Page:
3) Find your medium. Some persons enjoy writing. Others enjoy posting audio or video to their website. Gary Vaynerchuk, of Wine Library TV http://tv.winelibrary.com/, decided early in his Internet career that he would rather post daily videos to his website. He has amassed an audience in excess of 90,000 viewers who follow his daily video discussions regarding wine. As an audio/video performance artist, Gaga successfully uses her YouTube video channel to drive fans to her main website and then on to Twitter, Facebook and the like.

4) Use social media broadly to drive interested persons to the main website or medium you regularly update. Twitter and Facebook have their value in providing a forum for you to listen to your fans as they discuss their needs and fears. But you can successfully use those forums to remind your interested fans where they can get deeper, more authoritative information from you.

5) Always give your devoted fans an opportunity to deepen their involvement and relationship with you. For example, Gary Vaynerchuk has a whiteboard in the background of his videos upon which he writes a coded message or special offering to his especially devoted fans. Gaga has special signals (i.e., clenched fist pumps and claw-like movements, hand gestures, and symbology) in her music videos and live appearances which only other little monsters would connect and appreciate. Lawyers don’t need to be that theatrical. A lawyer could simply arrange for an in-person MeetUp http://www.meetup.com/ or an audio/video teleseminar, webinar, or Internet broadcast http://www.ustream.tv/ for “special” fans.

6) Make it a habit to listen, even if it’s just 15 minutes per day, to your interested audience. You can easily do this by:

Following persons and groups on Twitter, Facebook, and LinkedIn. Many of these services can be easily automated to push updates to you via email. It can be helpful to join some of those groups.

Setting up Google Alerts http://www.google.com/alerts to pull information to you according to criteria you specify.

Listening to audio and video podcasts in your area of interest. Simply Google the area of interest with the word “podcast” and you will find hundreds of audio and video recordings of discussions relevant to your interest. Many great videos are available on YouTube.com http://www.youtube.com/. You can subscribe to video channels as well. Many serious Internet marketers consider YouTube to be a more significant search engine than Google.com.

7) If you listen to interested fans, it will be easier for you to create content (text, audio, video, etc.) in response to their needs. As you create that content, don’t forget to go onto your social media sites and tell people that you have created content related to their interests.

8) Don’t be a afraid to make the world a better place. Use your influence as a legal professional responsibly and for causes you believe in. Stay true to your message, helping your clients and changing the world.

Thanks for reading this. I hope you have enjoyed reading it as much as I have enjoyed writing it.

Follow me on Twitter and DM or contact me if you’d like to discuss further.

Daniel Perry, Attorney
Twitter: DanielPerry http://twitter.com/danielperry
Facebook: Daniel.Perry http://www.facebook.com/daniel.perry
Contact: DanielPerry.Tel http://danielperry.tel/

Lady Gaga Resources

LadyGaga.com: http://www.ladygaga.com/
YouTube: http://www.youtube.com/user/LadyGagaVEVO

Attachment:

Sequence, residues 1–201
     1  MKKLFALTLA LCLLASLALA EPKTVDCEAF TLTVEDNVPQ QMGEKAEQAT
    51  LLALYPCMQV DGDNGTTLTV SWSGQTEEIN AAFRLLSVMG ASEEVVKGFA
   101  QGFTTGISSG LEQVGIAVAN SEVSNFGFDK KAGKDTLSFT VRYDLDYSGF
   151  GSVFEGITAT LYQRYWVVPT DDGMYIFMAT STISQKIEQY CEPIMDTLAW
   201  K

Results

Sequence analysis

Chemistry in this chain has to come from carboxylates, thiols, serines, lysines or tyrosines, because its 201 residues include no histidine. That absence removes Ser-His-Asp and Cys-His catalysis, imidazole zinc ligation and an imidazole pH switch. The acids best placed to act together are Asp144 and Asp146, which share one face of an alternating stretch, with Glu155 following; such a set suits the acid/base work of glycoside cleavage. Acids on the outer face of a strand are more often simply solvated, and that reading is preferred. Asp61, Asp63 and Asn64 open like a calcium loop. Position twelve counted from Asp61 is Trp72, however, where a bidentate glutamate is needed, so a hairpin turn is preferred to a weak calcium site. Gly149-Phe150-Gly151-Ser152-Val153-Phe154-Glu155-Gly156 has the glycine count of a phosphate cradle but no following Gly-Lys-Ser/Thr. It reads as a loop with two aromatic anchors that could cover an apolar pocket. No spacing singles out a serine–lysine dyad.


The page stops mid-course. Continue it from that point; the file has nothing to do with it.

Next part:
Facebook: http://www.facebook.com/ladygaga 7 million friends
Twitter: http://twitter.com/ladygaga 4 million + followers (she is following 150,000 Tweetstreams)
TwitPic (photos): http://twitpic.com/photos/ladygaga
Wikipedia: http://en.wikipedia.org/wiki/Lady_Gaga

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8 comments on “What Has @LadyGaga Got To Do With Lawyers? – Guest Blogger, Daniel Perry

  • This was a really interesting post. I have also cited to Lady Gaga in a presentation, though as an example of someone who is passionate about her work.

    Having said that, I have to admit that Gaga’s whole fan thing is an enormous turn off to me personally. When I first read about it and saw some of the blog posts on this topic (as great as this post is, it is not the first I’ve seen on this issue), I thought “Wow, this woman is a complete narcissist.” It was not until a few weeks later that I caught an interview of Gaga on one of the morning shows that my view changed – she came across as modest, very intelligent and committed to her work.

    Understandably, I am not in Gaga’s market demographic – I would never pay to go to a concert or even buy her songs (they are overplayed enough on radio). But my point is that you need to know and understand your target audience and further, not be bothered that those outside your target audience may find your “fan” message over the top or even offensive.

    • “…. It was not until a few weeks later that I caught an interview of Gaga on one of the morning shows that my view changed – she came across as modest, very intelligent and committed to her work.

      ….But my point is that you need to know and understand your target audience and further, not be bothered that those outside your target audience may find your “fan” message over the top or even offensive.”

      BINGO!! :-)

      I, too, am outside of her demographic (although, I confess I really like her music!). But I’ve heard the question too often ‘how does a lawyer really create ‘fans’ and capitalize upon this to build their practices?’ I think Dan nails it by showcasing how this powerhouse does just that. As you picked up, she’s a real person, intelligent, more than gets her audience and is very conscious of ’cause-marketing’…another lesson for lawyers, especially solo practitioners where it is so important to integrate our professional and personal lives in a way to keep sanity.